You may be wondering, why are my teeth sensitive? Tooth sensitivity, also known as “dentin hypersensitivity,” is severe pain in the teeth caused by irritants such as hot or too cold conditions.
It might be a one-time or long-term issue that affects one tooth, multiple teeth, or all of a person’s teeth.
Too many acidic foods can wear down tooth enamel, uncovering the inner lining of your teeth.
Why Are My Teeth Sensitive?
When the inner layer of a tooth is exposed, the nerve center is exposed more, which can lead to painful sensitivity of the tooth.
Teeth Sensitivity: Causes and Treatment
- The abrasion of tooth enamel exposes the dentin layer and nerve endings, leading to increased tooth sensitivity. Molars can remove enamel and expose the more sensitive layers of the teeth. If you feel that you are grinding your teeth, please discuss with your dentist how to deal with it, so as not to cause further over-sensitive tooth damage.
- If you brush your teeth vigorously, use too much mouthwash too often to get pearly teeth, a brighter smile, then be careful. These things can affect the enamel and other protective layers of your teeth, leaving them exposed, which can lead to hypersensitivity. It is recommended that you wear mouth guards and tackle the deeper problems that lead to grinding and clenching of your teeth to protect your teeth from sensitivity and other related problems.
- If you have a sensitive tooth, the following substances can irritate the roots, nerves of your teeth and cause pain. Latest medical procedures, such as fillings or wisdom tooth extractions, or cosmetic procedures, such as teeth whitening, may have made your teeth sensitive. Tooth sensitivity is a common dental problem that causes throbbing pain in the nerve endings of the teeth when you encounter something cold or hot or eat something sweet. Sensitive teeth are often found after procedures such as fillings, whitening, crowns, etc.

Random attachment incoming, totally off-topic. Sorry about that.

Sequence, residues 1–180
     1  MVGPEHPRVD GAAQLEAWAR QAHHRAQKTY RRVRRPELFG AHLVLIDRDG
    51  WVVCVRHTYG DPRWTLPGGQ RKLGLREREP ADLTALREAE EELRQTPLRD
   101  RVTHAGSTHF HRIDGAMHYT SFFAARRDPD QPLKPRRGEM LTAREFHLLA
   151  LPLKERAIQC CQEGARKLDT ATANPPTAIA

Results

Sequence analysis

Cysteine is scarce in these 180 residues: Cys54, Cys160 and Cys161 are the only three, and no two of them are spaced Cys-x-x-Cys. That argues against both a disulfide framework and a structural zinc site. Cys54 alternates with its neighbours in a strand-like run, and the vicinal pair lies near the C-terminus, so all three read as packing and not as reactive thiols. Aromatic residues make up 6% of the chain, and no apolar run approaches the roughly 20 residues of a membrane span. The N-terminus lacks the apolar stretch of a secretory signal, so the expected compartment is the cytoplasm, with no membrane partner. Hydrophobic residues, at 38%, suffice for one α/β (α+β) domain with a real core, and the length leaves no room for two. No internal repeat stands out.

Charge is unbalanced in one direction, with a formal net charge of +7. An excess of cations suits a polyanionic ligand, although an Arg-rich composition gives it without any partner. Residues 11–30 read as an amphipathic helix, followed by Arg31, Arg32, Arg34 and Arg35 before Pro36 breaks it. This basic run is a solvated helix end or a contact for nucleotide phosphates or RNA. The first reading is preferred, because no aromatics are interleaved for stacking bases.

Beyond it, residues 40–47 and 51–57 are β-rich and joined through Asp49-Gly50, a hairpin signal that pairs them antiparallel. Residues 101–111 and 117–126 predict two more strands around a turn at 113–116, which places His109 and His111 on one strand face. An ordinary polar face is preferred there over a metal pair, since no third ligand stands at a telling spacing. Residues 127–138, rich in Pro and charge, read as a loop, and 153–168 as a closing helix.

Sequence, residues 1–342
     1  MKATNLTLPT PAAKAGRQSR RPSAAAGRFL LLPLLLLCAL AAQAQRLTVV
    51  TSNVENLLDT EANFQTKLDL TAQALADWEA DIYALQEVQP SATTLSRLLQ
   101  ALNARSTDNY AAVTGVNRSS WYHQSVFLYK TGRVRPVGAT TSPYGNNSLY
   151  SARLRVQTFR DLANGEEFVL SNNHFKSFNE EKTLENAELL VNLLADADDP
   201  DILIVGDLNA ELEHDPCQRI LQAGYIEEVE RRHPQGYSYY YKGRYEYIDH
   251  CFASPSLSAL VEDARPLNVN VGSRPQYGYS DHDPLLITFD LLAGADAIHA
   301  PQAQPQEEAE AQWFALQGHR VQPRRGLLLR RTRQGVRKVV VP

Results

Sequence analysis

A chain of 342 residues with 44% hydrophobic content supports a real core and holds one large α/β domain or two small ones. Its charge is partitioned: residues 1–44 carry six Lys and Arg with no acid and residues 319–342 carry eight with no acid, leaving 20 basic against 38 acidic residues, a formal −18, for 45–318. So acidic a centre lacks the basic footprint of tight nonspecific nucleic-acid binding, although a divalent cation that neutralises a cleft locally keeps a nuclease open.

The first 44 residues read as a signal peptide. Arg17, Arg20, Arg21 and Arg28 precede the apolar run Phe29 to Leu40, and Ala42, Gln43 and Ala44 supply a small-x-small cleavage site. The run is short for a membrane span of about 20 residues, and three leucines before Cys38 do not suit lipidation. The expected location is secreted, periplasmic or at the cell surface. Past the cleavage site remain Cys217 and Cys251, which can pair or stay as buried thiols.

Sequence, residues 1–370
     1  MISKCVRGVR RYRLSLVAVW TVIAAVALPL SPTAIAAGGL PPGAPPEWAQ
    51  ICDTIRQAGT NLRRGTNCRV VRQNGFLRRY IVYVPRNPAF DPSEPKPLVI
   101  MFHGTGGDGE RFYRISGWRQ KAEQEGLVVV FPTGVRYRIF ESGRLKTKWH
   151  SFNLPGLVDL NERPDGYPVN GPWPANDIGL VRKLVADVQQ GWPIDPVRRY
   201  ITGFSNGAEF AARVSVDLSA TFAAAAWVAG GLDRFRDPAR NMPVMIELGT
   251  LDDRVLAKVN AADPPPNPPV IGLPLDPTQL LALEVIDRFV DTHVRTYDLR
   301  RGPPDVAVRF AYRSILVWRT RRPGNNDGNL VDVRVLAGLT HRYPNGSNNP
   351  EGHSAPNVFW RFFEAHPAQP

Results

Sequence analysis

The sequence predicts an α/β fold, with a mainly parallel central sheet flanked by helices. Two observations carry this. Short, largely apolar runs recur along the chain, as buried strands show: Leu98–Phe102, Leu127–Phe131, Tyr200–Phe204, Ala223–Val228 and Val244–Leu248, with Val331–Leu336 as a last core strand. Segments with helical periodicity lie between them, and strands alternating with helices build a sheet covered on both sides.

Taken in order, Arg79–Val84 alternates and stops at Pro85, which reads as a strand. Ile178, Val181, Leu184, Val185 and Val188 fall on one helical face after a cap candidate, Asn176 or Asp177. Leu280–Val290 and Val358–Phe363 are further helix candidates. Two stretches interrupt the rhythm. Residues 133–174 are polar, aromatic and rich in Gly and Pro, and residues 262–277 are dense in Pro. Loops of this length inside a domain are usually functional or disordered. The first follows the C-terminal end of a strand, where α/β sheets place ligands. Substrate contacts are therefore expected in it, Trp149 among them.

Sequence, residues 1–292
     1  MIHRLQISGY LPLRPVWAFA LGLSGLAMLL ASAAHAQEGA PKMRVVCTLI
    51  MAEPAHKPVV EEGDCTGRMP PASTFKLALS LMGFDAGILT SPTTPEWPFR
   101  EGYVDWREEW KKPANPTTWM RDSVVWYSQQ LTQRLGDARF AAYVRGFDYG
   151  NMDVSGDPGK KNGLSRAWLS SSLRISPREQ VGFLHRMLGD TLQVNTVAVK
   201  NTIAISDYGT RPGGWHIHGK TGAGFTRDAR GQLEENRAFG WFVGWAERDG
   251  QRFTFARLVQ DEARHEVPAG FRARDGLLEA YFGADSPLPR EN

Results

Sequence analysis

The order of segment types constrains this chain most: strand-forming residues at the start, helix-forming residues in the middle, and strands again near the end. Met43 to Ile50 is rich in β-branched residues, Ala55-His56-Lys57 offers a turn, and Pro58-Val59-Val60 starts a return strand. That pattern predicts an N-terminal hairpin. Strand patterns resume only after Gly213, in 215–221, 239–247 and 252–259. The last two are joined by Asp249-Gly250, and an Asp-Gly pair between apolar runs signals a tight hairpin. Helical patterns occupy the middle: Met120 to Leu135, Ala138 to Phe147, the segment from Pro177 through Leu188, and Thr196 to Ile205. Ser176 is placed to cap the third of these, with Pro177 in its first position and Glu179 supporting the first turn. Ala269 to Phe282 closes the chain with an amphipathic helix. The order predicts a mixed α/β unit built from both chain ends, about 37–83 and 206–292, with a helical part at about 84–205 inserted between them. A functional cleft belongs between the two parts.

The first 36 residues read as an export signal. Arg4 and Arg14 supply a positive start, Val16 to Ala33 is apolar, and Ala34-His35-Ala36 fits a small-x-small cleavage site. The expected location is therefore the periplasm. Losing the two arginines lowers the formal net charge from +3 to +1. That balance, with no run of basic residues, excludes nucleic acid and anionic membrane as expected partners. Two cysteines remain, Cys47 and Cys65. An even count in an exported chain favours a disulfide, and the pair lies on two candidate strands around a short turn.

- Dental procedures. Tooth sensitivity after procedures such as crown placement, tooth extraction, or even a thorough cleaning by a hygienist is natural. However, if sensitivity persists, you must get a dental check-up in case you have any infection or chipped/cracked tooth that you are not aware of.
A sensitive tooth can be diagnosed during regular check-ups or tooth brushing. In other cases, your dentist may determine if you have sensitivity due to gum disease, a crack or chip in a tooth, a cavity, or a filling that needs replacing.
In all cases of toothache, jaw pain, or discomfort in the teeth and jaw area, please see the dentist as soon as possible for proper examination and treatment.
When sensitive teeth are a sign of a more serious problem that endangers dental health for a long time or causes unbearable discomfort for a long time, it’s time to see a dentist for treatment.
- More sensitive causes of teeth may be limited to dental problems such as dentin hypersensitivity, worn-out enamel, or exposed tooth root. In many cases, sensitive teeth are a symptom of a more serious problem, such as gum disease, tooth infection, or tooth damage. However, if you notice rough teeth or have persistent toothaches, your condition may be more serious.